Senate Minority Leader Chuck Schumer, D-N.Y., and House Speaker Nancy Pelosi, D-Calif., attempted to insert language into legislation dealing with the response to the coronavirus that would have created a new panel with subpoena power to oversee the entire Trump administration pandemic response.
Republicans rejected this proposal, believing it would politicize and undermine administration efforts to fight the pandemic. However, after the pandemic has ended House and Senate panels with full subpoena power are needed to look back at the global response to the coronavirus.
China and the World Health Organization have come under increasing criticism by many Americans for downplaying the danger of coronavirus for several weeks early this year, allowing the virus to become a pandemic.
A thoughtful investigation of the role of China and the WHO by an international commission – not a United Nations commission – will be crucial to ensuring more responsible decisions by China and the WHO in the future on global health threats.
Rep. Mike McCaul, R-Texas, recently discussed the Chinese government’s culpability for the coronavirus outbreak in a Fox News interview.
“Now we have a global pandemic that originated out of Wuhan [China] – they allowed millions of people to come to Wuhan to celebrate their Spring Festival,” McCaul said. “Five million of them … traveling domestically and abroad – they went into laboratories and shut them down – destroyed laboratory samples and they detained eight of the doctors trying to speak the truth about what really happened in Wuhan.”
McCall also wrote about this in a Fox News op-ed.
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WHO’s mishandling of the coronavirus outbreak was also very serious. In mid-January, the WHO repeated false claims by the Chinese government that there was no clear evidence of human-to-human transmission of the virus.
In late January, WHO Director-General Tedros Adhanom Ghebreyesus praised China for its “transparency” in dealing with the virus.
On Feb. 3, in response to President Trump’s ban on flights from China to the United States, Ghebreyesus said there was no need for measures that “unnecessarily interfere with international and trade” to prevent the spread of the virus.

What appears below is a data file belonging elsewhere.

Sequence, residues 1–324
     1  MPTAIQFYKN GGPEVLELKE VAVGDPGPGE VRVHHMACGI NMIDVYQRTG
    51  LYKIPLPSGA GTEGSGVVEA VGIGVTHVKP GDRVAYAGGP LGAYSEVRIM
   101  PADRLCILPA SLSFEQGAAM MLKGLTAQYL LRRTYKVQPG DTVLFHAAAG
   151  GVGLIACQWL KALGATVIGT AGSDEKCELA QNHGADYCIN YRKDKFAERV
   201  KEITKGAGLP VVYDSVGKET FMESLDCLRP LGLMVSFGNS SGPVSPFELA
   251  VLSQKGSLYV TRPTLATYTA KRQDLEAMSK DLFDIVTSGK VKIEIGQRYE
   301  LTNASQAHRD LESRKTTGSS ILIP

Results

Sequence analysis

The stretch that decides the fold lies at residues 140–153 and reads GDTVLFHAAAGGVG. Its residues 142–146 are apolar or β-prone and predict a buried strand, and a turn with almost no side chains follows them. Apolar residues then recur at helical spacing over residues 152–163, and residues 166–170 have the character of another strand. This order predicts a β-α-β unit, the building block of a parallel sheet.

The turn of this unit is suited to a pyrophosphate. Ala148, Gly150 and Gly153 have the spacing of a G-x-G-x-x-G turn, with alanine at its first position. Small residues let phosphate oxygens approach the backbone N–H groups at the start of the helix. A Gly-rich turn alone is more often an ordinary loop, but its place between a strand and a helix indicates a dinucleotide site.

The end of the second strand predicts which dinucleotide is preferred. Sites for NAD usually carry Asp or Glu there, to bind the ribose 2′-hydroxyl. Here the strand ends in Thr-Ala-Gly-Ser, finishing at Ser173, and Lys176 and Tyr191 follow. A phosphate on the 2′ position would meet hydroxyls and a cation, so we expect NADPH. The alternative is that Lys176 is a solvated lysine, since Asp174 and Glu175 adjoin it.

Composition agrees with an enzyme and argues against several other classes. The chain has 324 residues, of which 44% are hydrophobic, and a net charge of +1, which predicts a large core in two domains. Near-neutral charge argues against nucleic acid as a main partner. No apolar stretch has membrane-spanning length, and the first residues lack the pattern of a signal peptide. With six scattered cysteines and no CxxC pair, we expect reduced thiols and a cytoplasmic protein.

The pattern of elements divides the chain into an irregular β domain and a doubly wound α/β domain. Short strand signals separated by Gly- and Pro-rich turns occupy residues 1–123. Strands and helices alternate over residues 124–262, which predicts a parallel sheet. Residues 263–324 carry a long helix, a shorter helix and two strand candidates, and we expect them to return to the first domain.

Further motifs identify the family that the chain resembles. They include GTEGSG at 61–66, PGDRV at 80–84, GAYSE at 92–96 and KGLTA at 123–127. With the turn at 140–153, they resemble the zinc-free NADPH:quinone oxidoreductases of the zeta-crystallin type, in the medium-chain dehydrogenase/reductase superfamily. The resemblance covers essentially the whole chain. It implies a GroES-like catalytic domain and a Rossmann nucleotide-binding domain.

An international commission should establish the facts on how China and the WHO mishandled the virus outbreak and recommend steps these parties must take to prevent the recurrence of another pandemic.
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Efforts to punish China over the coronavirus outbreak or to press Beijing for reparations would be ineffective and counterproductive and should be avoided. President Trump knows this and has reaffirmed America’s friendship with China despite this crisis. However, there should be consequences if China refuses to cooperate with the commission and its recommendations.
Aside from squarely establishing that the coronavirus originated in Wuhan, the commission should direct Beijing to close unsanitary “wet markets” that likely allowed the virus to jump from an animal host to humans. The commission also should demand that all nations fully comply with WHO protocols requiring early reporting by every nation to the WHO of outbreaks of dangerous pathogens and fully and promptly cooperate with WHO investigators.
As for the WHO, its members should immediately remove Tedros Adhanom Ghebreyesus as director-general and replace him with an international health expert who will be more responsible and objective.
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In addition to Ghebreyesus’ negligent early statements about the coronavirus outbreak, he is too close to Beijing. Replacing Ghebreyesus is crucial to holding WHO accountable for its errors in handling this crisis and restoring its reputation.
Responsible investigations of the coronavirus pandemic by the U.S. Congress and an international commission after the crisis has passed will help the world heal and prevent future pandemic crises. Let’s hope the end of this crisis is in sight so we can start these investigations and a full, post-virus recovery.